Imagine someone trying to convince you to do something by arguing that this thing is in your financial interests. They give you a stock tip, for example. You check it out and decide to buy some of the stock. In the following weeks, the stock price collapses, and you lose money. Obviously, you will not be happy, but you are not going to assume the guy who gave you the stock tip wanted to harm you. Unless you bought the stock from him, you will assume he made the same error as you.
Now think about a different scenario in which someone convinces you to do something because it is the right thing to do. In other words, he is not appealing to your desire to make money, but your desire to be viewed as a good person. The deed in this case is donating to some cause. You check it out and donate, but soon learn that it is a fraud and the people involved are swindlers. The person who tricked you into giving money was also in on the scheme.
If we assume the money lost is equal in both cases, you are going to have much stronger feelings toward the second person than the first person. One reason is the assumed intent of the two people. The first guy was trying to help you but was wrong about his stock tip. The second person wanted to rob you. Even if the first guy was reckless in his behavior, he was not trying to harm you, but there is no doubt about the intent of the second guy.
More important, the first person appealed to your greed, while the second person appealed to your morality in order to trick you. We can accept some blame when we let our vices get the better of us, as in the stock tip scenario. You let the idea of free money cloud your judgement. When someone turns your virtue into a vice, by playing on your good intentions in order to harm you, it challenges the idea of right and wrong, which is far worse than simple theft.
This is what comes to mind reading this post in First Things. George Weigel is a well-known neocon and warmonger. The timing of the post is a bit odd, given that we are in the end phase of the war. The time for making the “moral case” for yet another war on the world was a year ago. It suggests the Kagan cult is planning to keep the war on Russia going long after the Ukraine portion is settled. Weigel has been dispatched to turn virtue into vice for the suckers of Conservative Inc.
Twenty years ago, almost to the day, Weigel made the same “moral case” for launching a preemptive war on Iraq. It you read both posts together, it is as if he is working from a template. That is because he does work from a template. When you strip away the moral pretentions, Weigel is not much of a thinker. His act is to play on your Christian duty or maybe your patriotic morality. He is not trying to appeal to your reason with a well thought out argument.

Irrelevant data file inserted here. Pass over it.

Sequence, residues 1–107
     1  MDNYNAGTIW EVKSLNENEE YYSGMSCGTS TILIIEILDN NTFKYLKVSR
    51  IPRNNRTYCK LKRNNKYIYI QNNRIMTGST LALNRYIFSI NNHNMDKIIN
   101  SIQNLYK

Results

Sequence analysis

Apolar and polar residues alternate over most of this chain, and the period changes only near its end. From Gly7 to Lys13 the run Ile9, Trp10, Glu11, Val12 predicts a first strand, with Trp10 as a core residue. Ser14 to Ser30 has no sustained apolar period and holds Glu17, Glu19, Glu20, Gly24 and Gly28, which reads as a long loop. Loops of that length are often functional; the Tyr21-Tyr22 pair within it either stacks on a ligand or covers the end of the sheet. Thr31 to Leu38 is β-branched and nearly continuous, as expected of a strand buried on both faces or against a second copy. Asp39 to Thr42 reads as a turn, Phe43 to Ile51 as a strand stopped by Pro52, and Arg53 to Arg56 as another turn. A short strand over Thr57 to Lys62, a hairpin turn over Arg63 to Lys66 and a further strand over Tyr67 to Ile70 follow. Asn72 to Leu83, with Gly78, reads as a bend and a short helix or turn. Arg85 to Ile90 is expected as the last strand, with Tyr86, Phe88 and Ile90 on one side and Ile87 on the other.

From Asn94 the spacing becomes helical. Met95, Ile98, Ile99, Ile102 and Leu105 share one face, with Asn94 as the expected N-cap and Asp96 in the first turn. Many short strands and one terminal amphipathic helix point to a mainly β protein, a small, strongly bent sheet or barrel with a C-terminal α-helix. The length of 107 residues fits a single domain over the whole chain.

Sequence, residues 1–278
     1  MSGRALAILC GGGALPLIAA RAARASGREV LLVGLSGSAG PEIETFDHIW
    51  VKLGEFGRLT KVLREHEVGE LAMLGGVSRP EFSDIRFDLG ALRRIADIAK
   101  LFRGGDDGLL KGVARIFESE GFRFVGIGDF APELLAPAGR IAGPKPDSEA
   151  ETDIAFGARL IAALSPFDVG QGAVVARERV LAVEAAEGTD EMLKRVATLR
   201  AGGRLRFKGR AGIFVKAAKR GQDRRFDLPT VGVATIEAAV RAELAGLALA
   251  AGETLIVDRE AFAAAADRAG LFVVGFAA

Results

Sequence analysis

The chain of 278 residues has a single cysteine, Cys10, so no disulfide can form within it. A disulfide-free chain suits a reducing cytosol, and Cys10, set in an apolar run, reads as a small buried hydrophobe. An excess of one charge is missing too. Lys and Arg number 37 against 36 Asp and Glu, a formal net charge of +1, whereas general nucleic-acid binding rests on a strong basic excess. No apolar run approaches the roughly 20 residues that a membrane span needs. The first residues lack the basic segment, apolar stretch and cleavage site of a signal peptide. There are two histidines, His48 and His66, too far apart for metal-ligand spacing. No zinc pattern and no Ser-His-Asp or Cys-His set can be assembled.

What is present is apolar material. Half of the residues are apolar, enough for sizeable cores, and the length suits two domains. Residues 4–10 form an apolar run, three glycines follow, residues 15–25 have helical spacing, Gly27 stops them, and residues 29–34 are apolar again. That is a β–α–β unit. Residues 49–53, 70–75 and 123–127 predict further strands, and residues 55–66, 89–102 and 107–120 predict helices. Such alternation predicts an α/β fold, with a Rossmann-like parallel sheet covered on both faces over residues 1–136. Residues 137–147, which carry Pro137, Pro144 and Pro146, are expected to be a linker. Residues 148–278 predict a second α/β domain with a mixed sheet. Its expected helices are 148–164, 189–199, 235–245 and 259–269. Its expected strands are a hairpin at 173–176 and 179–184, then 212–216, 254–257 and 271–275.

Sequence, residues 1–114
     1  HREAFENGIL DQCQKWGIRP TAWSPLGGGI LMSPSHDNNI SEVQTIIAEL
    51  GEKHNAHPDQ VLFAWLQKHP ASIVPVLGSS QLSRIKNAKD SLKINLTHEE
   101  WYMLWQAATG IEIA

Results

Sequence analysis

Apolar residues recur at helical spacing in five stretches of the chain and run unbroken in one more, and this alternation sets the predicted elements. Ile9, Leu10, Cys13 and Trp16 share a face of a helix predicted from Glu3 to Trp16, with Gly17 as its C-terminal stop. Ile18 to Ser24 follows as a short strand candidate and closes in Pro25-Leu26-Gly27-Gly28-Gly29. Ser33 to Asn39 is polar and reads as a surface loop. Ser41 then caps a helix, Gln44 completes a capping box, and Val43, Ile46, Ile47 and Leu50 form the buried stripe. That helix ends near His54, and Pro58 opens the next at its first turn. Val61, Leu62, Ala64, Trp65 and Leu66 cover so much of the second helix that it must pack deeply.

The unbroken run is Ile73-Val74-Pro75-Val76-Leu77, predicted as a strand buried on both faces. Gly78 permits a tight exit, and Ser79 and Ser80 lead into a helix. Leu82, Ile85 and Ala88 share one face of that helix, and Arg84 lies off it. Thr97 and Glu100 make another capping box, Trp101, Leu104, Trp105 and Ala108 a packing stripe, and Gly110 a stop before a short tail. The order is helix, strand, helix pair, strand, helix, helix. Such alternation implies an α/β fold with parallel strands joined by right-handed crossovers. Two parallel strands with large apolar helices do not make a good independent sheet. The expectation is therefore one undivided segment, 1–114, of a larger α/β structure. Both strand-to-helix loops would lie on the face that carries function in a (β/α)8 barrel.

Last year, Eric Sammons at Crisis Magazine dissected the Weigel style. “The Weigel Script includes: (1) a comparison to Nazi Germany; (2) turning foreign leaders into cartoon villains; (3) accepting at face value any and all U.S. intelligence that puts the proposed adversary in the worst light; (4) making non-falsifiable assertions about a dire future if the U.S. doesn’t intervene; and (5) ignoring any potential negative consequences of U.S. intervention.”
You see it in the First Things post. He even adds in the now famous meme associated with the neocons. “For no reason at all” Russia invaded Ukraine. In this case, he surely knows that what he is saying is a lie. Twenty years ago, when he was selling the death of Iraqi children as a cost worth paying to stoke his moral vanity, he could claim ignorance about the lies underneath the claims about Iraq. Lots of people assumed George Bush was sincere about the WMD business.
In the case of the Ukraine war, Weigel knows he is lying, and he probably knows that the readers know he is lying, but he lies anyway. You are not supposed to think about the facts, because it is your moral duty to oppose evil! As long as you accept his claims about Putin being yet another Hitler, the lies do not matter. Like the guy from the second example at the start of this post, Weigel is trying to turn your virtue into a vice, and he is doing it with knowledge of forethought.
The thing is, Weigel is not an exception. Conservative Inc. has always produced odious carbuncles who prey on the decency of normal people. Weigel is getting long in the tooth, so his act has been moved from the main stage. Guys like David French have taken up the mantle of moralizer for the cause. He now claims to be the keeper of the true conservative flame, while he writes about himself at the New York Times, the supposed enemy of conservatism.
All of this brings us to a question. Who is the real enemy? Is it the self-described leftist who maintains an alien moral code? Is it the alleged friend and ally who uses your moral code against you? The former thinks he is right and thinks you would be wise to agree with him. The latter knows you are right but uses that to trick you into going along with what is wrong. The former may support evil things like gender identity, but the latter seeks to make you evil.
What all of this gets to is that before conservatism and its neoconservative core are pushed into the dustbin of history, we need to think about how a new moral order resists this form of trickery. The trouble with conservatism is it never thought much about inoculating itself against these sorts of people and instead just accepted them as a feature, rather than a bug. Whatever replaces conservatism must prevent people like George Weigel from gaining a purchase.
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